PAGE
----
Radiculopathy is the term used to describe the symptoms of nerve root irritation, which can include pain, numbness, tingling and weakness.
What Is Radiculopathy?
Nerve roots are the paired bundles of nerve fibers that extend from the spinal cord through openings on the side of each vertebra. The nerves that extend from each area of the spinal cord are connected to specific parts of the body. Those in the cervical spine, for example, extend to the upper chest and arms; those in the lumbar spine the hips, buttocks and legs. The nerves also carry electrical signals back to the brain, creating sensations.
Radiculopathy is often caused by direct pressure from a herniated disc or degenerative changes in the spine that cause irritation and inflammation of the nerve roots. Radiculopathy usually creates a pattern of pain and numbness that is felt in your arms or your legs in the area of the skin that’s supplied the by the sensory fibers of the nerve root, and weakness in the muscles that are also supplied by the same nerve root.
What Are The Symptoms Of Radiculopathy?
The most common symptom of lumbar radiculopathy is sciatica, or pain that radiates from the back into the buttocks and legs. Sensory symptoms are more common than motor symptoms, and muscle weakness is usually a sign that the nerve compression is more severe. The quality and type of pain can vary, from dull, aching, and difficult to localize, to sharp, burning, and easy to pinpoint.
Cervical radiculopathy typically manifests as pain, numbness and weakness that extend from the neck into the shoulders, arms and/or hands. Other symptoms can include neck pain and headaches near the back of the head (occiput); arm reflexes also may be impaired.
Radiculopathy can create hypersensitivity to touch as well as numbness in the area of skin that’s served by the affected nerve root. If you are experiencing any of these symptoms, particularly muscle weakness, please see your doctor. The longer the source of nerve irritation remains untreated, the greater the potential for long-term or permanent nerve damage.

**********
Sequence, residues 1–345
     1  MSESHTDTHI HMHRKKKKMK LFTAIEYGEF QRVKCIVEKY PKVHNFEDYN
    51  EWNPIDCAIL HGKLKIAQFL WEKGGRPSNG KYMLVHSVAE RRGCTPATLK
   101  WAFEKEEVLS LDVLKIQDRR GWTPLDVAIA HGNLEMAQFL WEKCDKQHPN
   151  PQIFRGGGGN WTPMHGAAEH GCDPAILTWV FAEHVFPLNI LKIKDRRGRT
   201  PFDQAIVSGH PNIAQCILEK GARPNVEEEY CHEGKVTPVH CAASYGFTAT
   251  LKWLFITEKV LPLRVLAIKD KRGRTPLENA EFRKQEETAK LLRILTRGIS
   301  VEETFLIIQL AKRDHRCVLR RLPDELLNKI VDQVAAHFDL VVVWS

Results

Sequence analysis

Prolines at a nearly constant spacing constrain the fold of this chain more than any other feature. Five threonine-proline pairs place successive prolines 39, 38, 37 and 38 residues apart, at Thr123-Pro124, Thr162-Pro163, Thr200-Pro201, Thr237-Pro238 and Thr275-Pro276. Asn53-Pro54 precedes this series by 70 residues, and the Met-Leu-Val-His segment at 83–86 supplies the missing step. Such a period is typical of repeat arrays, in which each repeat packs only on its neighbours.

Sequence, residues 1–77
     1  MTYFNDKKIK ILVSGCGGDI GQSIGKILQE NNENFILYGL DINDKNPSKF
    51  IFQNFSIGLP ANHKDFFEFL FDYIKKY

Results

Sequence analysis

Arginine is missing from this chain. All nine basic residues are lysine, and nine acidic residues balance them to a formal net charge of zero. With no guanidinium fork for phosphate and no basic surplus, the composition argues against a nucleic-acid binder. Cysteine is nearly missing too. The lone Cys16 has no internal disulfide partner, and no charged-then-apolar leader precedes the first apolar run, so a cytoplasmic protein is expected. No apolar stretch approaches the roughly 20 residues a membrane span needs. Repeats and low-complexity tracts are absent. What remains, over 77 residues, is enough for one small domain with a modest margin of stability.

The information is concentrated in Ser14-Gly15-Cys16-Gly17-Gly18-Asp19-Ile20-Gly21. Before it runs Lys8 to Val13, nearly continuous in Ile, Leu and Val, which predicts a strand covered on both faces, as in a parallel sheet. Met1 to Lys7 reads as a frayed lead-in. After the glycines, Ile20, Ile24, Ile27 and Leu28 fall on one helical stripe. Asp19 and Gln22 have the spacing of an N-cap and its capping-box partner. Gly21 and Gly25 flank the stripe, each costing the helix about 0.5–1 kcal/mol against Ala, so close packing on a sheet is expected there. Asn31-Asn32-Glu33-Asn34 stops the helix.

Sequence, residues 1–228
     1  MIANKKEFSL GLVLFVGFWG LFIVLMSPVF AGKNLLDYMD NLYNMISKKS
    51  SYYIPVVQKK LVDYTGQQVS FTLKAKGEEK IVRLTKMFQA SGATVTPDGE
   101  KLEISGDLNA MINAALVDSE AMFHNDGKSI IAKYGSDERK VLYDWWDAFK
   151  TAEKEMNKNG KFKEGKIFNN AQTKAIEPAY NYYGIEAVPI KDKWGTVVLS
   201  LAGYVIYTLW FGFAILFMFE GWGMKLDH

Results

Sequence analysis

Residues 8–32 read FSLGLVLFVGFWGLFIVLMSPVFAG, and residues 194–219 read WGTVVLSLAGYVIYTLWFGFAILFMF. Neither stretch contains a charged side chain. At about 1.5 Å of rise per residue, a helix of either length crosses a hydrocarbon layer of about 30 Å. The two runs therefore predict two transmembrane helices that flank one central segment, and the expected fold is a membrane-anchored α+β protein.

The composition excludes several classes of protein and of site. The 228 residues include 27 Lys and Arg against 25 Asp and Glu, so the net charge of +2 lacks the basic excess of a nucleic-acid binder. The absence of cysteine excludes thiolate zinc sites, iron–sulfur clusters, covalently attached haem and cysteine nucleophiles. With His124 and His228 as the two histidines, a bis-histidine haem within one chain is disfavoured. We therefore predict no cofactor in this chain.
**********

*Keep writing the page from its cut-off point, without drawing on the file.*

How Is Radiculopathy Diagnosed?
The correct diagnosis of the cause of your symptoms begins with a complete physical examination. Your doctor will examine your back for flexibility, range of motion, and the presence of certain signs that suggest a particular nerve root is being affected. This often involves testing the strength of your muscles and checking your reflexes to make sure that they are still working normally.
Your doctor also may use a diagnostic tool such as magnetic resonance imaging (MRI) or a computed tomography (CT or CAT) scan. An MRI scan is very useful for determining where the nerve roots are being compressed because this type of a scan is designed to show the details of soft-tissue structures, such as nerves and discs. A CT scan is often used to evaluate the bony anatomy in the lumbar spine, which can show how much space is available for the nerve roots. The nerve roots exit the spinal canal through a bony tunnel called the neuroforamen, and it is at this point that the nerve roots are especially vulnerable to compression.
How Is Radiculopathy Treated?
Your doctor will be able to discuss with you what your diagnosis means in terms of treatment options. Non-surgical therapies such as medication, rest or physical therapy are typically recommended first. However, if these therapies fail to provide lasting relief over the reasonable length of time, or if there is evidence that nerve root compression is causing nerve damage, your doctor may recommend spine surgery. The goal of surgery is alleviate your symptoms and prevent further damage by removing the source of pressure on the spinal nerve roots.
Spinal surgeons perform a variety of procedures to achieve spinal decompression. When determining the optimal surgical procedure, a surgeon will consider patient pathology (the structural and functional changes that led to the patient’s neurological dysfunction), the level or levels of the spine affected, the patient’s medical history and his or her surgical experience and training.
Today, spinal decompression also can be performed using a minimally invasive technique that allows your spine surgeon to dilate the muscles surrounding your spine rather than stripping the muscles away from the spine.
The benefits of spine surgery, however, must be weighed against the risks. Your surgeon will be able to discuss the risks and benefits of surgery with you, and the likely results of operative versus non-operative treatment.